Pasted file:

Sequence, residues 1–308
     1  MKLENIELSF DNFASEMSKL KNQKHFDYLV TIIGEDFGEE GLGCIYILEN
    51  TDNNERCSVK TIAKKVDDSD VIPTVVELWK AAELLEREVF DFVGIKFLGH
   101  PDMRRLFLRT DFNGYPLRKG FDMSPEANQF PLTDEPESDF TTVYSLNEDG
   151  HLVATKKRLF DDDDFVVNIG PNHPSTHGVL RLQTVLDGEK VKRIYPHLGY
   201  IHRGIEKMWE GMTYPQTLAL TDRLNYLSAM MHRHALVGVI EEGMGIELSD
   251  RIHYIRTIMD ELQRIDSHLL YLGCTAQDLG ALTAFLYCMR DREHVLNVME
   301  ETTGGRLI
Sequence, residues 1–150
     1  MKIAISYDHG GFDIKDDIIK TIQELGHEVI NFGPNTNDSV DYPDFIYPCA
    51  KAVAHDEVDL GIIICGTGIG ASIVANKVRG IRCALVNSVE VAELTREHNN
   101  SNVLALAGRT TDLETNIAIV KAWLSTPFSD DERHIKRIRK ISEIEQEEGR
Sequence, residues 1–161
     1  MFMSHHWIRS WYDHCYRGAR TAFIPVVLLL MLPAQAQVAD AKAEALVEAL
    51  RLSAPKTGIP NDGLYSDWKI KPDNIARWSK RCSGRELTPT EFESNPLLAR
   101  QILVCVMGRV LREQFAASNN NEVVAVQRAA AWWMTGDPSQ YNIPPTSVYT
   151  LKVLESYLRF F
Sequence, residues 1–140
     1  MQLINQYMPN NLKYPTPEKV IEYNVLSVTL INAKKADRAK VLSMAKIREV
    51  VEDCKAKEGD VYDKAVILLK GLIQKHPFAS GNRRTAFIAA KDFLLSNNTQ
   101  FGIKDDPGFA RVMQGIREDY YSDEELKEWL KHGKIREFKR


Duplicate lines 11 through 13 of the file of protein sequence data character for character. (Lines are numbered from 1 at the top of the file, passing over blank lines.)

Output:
    51  KAVAHDEVDL GIIICGTGIG ASIVANKVRG IRCALVNSVE VAELTREHNN
   101  SNVLALAGRT TDLETNIAIV KAWLSTPFSD DERHIKRIRK ISEIEQEEGR
Sequence, residues 1–161